Elgin Baylor’s gotta be the most underappreciated superstar of all time, in basketball or any major sport. The guy was NCAA Final Four MVP and NBA Rookie of the Year. He was First-Team All-NBA 10 times and an NBA All-Star 11 times. Baylor led his team, the Minneapolis/Los Angeles Lakers, in the trifecta of big stats—points, rebounds and assists—in four different seasons, an NBA record broken only this week by LeBron James. He’s still got the record for points in an NBA Finals game (61). His career scoring average (27.4 points per game) is third-best in NBA history, behind only Michael Jordan and Wilt Chamberlain.

Plus, he put that resume together while showcasing an original style and flair that indeed changed the game—nobody played above the rim before Baylor, the inventor of “hang time.”

Yet for all his certifiable greatnesses and transcendence, Baylor is nowhere near a household name. Don’t believe me? Ask the person next to you if they know Elgin Baylor. Berate them if they don’t. Part of Baylor’s renown deficiency is his own fault: He never seemed to give a damn about his legacy.

Until now, anyway. At 83 years old, Baylor has released a memoir, Hang Time, that makes his case. And he’s pushing it: Baylor stopped by Deadspin’s New York offices to sit for an interview as part of a national book tour.

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I’ve been a Baylor obsessive for decades, and agreed with glee to sit with him for an on-camera interview despite having a face and physique better suited for typing. My Baylor obsession has a lot to do with him being the greatest athlete ever produced by Washington, D.C., where I live. There’s a new statue of him in Los Angeles, but no sign of Baylor back in D.C.—no park or playground or even a basketball court in his name as far as I know. But there was a time...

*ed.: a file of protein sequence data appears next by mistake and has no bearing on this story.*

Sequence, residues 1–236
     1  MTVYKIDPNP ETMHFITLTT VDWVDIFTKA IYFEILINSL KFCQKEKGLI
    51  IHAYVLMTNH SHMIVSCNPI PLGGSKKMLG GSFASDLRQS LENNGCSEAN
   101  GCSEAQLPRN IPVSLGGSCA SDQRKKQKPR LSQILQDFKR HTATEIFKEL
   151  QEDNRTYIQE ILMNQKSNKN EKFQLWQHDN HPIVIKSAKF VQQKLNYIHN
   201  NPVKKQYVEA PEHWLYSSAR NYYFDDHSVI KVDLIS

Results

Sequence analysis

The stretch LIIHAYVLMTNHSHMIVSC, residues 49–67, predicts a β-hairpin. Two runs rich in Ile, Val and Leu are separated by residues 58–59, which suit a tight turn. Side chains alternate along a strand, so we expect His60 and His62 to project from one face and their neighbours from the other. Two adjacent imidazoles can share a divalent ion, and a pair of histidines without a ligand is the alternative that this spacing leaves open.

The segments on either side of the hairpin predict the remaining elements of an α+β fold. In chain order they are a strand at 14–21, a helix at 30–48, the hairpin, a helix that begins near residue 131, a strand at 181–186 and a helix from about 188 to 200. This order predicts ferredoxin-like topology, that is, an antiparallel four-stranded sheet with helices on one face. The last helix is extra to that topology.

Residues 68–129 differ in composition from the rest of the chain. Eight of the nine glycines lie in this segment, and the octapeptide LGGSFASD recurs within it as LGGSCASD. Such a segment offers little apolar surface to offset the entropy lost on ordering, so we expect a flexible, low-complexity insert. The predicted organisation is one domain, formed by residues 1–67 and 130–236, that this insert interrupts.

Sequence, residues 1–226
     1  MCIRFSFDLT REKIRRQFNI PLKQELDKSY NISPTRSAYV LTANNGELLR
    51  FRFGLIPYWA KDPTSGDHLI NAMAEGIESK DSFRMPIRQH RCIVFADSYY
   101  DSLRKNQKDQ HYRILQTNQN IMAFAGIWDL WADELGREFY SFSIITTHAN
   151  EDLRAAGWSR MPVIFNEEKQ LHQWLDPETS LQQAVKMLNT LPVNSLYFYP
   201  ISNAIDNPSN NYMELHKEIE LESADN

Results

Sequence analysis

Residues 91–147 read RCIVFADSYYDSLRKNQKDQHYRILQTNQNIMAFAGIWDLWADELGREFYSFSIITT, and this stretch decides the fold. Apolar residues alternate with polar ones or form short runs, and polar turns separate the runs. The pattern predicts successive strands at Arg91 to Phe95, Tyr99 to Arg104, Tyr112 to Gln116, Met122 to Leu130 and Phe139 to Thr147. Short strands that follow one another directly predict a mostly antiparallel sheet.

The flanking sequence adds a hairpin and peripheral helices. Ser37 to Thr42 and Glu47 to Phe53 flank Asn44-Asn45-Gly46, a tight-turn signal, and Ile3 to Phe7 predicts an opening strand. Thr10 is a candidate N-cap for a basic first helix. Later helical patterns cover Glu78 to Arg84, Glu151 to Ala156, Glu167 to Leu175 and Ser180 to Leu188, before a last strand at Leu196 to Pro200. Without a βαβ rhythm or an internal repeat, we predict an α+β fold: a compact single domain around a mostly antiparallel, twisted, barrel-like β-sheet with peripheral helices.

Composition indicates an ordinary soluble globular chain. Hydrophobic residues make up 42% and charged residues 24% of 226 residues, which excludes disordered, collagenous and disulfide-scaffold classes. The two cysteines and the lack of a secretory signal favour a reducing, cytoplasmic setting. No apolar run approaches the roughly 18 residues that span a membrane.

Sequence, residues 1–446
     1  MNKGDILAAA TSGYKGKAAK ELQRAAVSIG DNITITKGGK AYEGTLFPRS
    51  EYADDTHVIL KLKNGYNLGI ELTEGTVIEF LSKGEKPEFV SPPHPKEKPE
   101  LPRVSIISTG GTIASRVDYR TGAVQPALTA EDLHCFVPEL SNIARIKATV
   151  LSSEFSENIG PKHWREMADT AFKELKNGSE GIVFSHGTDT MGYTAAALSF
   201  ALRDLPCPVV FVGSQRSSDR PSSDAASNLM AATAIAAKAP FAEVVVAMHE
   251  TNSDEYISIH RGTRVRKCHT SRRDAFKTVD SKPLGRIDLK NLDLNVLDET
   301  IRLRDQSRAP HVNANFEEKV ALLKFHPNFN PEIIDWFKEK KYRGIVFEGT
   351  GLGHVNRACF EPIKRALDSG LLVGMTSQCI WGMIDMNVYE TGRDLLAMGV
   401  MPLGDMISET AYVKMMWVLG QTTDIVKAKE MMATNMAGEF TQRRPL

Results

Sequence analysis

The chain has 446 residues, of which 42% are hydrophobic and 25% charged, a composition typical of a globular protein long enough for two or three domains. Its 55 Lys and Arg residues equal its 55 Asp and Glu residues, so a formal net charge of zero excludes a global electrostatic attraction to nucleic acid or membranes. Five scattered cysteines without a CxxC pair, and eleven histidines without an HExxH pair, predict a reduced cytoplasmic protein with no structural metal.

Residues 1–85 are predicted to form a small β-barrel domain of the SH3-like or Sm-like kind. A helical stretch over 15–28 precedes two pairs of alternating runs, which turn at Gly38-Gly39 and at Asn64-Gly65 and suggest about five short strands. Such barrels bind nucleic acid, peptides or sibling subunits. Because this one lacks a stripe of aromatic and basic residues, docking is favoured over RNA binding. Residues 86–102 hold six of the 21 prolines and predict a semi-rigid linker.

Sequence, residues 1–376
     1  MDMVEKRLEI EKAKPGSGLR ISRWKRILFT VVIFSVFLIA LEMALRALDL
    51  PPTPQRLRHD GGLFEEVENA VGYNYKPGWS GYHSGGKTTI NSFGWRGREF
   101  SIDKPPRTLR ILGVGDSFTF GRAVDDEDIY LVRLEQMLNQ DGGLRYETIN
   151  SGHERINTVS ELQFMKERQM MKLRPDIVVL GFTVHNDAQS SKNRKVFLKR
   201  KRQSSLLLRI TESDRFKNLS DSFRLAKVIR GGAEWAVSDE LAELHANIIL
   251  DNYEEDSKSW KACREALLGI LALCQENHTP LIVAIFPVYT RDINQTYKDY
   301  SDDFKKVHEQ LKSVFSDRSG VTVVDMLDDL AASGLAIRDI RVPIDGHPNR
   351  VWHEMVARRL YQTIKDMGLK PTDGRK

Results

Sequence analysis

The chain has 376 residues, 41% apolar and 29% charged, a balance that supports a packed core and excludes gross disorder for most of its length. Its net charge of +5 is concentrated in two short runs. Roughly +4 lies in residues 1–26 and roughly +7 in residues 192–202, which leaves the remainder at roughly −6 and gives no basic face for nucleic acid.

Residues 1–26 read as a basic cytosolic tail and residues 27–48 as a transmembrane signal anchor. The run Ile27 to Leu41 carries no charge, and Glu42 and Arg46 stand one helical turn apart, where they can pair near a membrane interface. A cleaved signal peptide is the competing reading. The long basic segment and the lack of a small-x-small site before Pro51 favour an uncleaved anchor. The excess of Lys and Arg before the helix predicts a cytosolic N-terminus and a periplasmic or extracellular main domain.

“Let me try to put this modestly: Elgin was a god around here,” said Lloyd Murphy, who grew up with Baylor in D.C. and was later a teammate on the University of Seattle’s Final Four team. (One sign of his back-in-the-day status back home: The real name of R&B crooner Ginuwine, another D.C. native, is Elgin Baylor Lumpkin.)

But Baylor’s life story will fascinate anybody from anywhere. Nobody’s bio tops Baylor’s for a mix of race and sports. The book explains how early in his life he got used to not getting the attention he deserved.

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He grew up when his hometown was as segregated as any major city in the country. His nutshell description of the D.C. of his youth? “A hard place. A racist place.” The good playgrounds and recreational facilities in his Southeast D.C. neighborhood were for whites only into the 1950s; the public pools only got desegregated because black kids started drowning sneaking in after hours to swim with no lifeguards. Baylor’s boyhood home was across from Garfield Park, about which he told me, “The police even put chain locks on the gates around the basketball court so we couldn’t get in when the park was closed.” So he didn’t even play basketball until was into his teens.

And every public school in the city was either all-black or all-white by statute. Baylor’s coming out as a basketball star on the black side of town came just as Brown v. Board of Education was being decided by the U.S. Supreme Court; one of the cases that made up Brown v. Board was Bolling v. Sharpe, which challenged segregation in D.C. public schools. The high court’s ruling that “separate but equal” was inherently unequal, handed down in May 1954, immediately changed his hometown and then changed the world. But Baylor never faced a white player while playing for Spingarn High School. The institutional racism was evident in the media, too. Baylor writes about how his “fame” was restricted to black D.C. and was all due to word-of-mouth, since The Washington Post, the biggest paper in the city, gave white kids oodles of coverage but devoted next to no ink to scholastic sports at black schools.